The fact is that journalists and photo-journalists in the  Valley  have always  faced hurdles. In 2018, I had heard the head of the journalism  department of the Islamic University of Science and Technology (IUST, situated on the outskirts of  Srinagar – in Awantipora), Dr Ruheela Hassan, speak at a seminar held at Jawaharlal Nehru University (Centre for Media Studies), focusing on the difficulties faced by the journalists in the Valley. She had said, “The struggle of the media in Kashmir throughout its evolution is witness that the media in Kashmir has never enjoyed real freedom. Be it the Dogra Rule in 1924, nationalist government (1947-1953), Sheikh Abdullah (1948 - 1953), Ghulam Mohamad Bakshi (1953-1963),  Ghulam Mohamad Sadiq (1964-1971) or National Conference (1975-1982 and 1986-1990), media in Kashmir has never breathed in free air. At one time, the state was resistant to granting permission and when permission was granted, their freedom was curbed, strict laws and regulation like Jammu and Kashmir Press and Publication Act of 1932 were introduced and implemented to ban publications, seize printing presses or demand heavy securities from the journalists. After India gained independence, it guaranteed freedom of speech and expression to all its citizens including the citizens of the State of Jammu and Kashmir but nothing changed for the press. Older laws were amended and new laws were implemented to muzzle the press. The inordinate circumstances in Kashmir from the 1990s, further worsened the scenario. Not only the freedom of expression was endangered but there were now increased threats to the life of journalists. Their freedom of movement and right to access information was also snatched. Several journalists lost their lives and many were put behind bars. Journalists also fought several battles with the state; some struggles they won - withdrawal of Press Bill by state - and some they lost.”

Dr  Ruheela Hassan had also said the following:

  • A survey has revealed, 77% of the valley journalists said that they have faced restrictions of one form or another while performing their professional duties.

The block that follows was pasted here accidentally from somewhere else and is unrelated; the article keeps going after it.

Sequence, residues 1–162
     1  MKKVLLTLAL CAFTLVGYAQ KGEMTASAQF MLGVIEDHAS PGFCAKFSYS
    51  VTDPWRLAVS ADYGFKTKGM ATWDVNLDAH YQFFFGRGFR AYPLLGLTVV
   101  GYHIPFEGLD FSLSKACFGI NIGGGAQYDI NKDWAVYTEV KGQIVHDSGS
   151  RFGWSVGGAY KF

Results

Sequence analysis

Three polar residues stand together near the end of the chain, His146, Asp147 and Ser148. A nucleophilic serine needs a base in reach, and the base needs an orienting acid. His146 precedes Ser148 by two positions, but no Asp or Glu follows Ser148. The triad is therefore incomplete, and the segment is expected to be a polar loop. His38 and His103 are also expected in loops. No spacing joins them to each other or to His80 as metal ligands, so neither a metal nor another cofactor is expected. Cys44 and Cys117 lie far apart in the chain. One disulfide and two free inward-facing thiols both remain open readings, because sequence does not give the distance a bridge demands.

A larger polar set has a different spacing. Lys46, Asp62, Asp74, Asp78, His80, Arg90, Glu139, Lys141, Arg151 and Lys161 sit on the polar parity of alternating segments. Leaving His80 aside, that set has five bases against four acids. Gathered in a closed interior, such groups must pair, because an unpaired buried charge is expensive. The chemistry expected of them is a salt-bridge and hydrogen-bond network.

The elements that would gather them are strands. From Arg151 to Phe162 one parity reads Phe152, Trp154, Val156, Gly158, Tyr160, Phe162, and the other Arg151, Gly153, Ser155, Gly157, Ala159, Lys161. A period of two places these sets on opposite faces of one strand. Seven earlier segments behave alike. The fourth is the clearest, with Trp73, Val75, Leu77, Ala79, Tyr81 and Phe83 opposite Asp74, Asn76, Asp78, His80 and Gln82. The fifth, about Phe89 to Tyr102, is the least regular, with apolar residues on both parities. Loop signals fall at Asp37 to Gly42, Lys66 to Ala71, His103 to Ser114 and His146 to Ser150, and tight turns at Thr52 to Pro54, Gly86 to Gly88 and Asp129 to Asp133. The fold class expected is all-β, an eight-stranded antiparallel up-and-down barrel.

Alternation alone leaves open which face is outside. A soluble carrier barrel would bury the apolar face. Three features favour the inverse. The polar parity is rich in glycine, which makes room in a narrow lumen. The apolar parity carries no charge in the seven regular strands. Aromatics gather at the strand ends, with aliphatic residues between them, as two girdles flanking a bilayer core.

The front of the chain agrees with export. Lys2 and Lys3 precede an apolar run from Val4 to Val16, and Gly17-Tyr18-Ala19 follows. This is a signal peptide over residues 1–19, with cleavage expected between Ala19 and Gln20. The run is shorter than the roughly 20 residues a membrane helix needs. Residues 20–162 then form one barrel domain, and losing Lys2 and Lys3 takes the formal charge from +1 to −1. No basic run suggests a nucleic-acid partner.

• 21% of the valley journalists have been booked or summoned by the state or national authorities (mostly booked under draconian laws like OSA, PSA, security of the state)
  • 20 journalists killed
  • Several had been kidnapped and illegally detained
  • More than 25 had been injured
  • 80% of valley journalists believe that no freedom of expression is enjoyed by them as guaranteed.”

Today, of course, the challenges stand compounded. With journalists and their homes and newspaper offices and news agencies getting so blatantly targeted, it’s time for us to wake up. Yes, its about time to say stop to those against the rights of common people and journalists who report on day to day events taking place. If we don’t stop them from suffocating the truth and from vilifying those who speak it, then we will create a world full of hate and lies - at present there are many who are standing up for democratic values, tomorrow, there will be none left. This is the time to speak for democracy. This is the time to make demand for our freedom to speak,  to express and to breathe.

I’m leaving this piece, with a verse from writer–journalist-commentator Nilofar Suhrawardy’s latest book - This is Love! Poems on Love, Anguish & More’.

Life is… I have heard/Hanging from a thin thread/A moving pendulum, which is so weighed down by tensions, that it is just blowing winds of time that vibrate it slightly to and fro/And… Life is for me an emptiness I can’t combat, an awareness of a hollowness everywhere, in everyone all around me/I detest it/But something tells me, eventually that hollowness will eat into me, gnaw away the very roots of my existence, my values, whether I fight it or not/I know the hollowness will seep the life out of me/And it eventually maybe my death too…”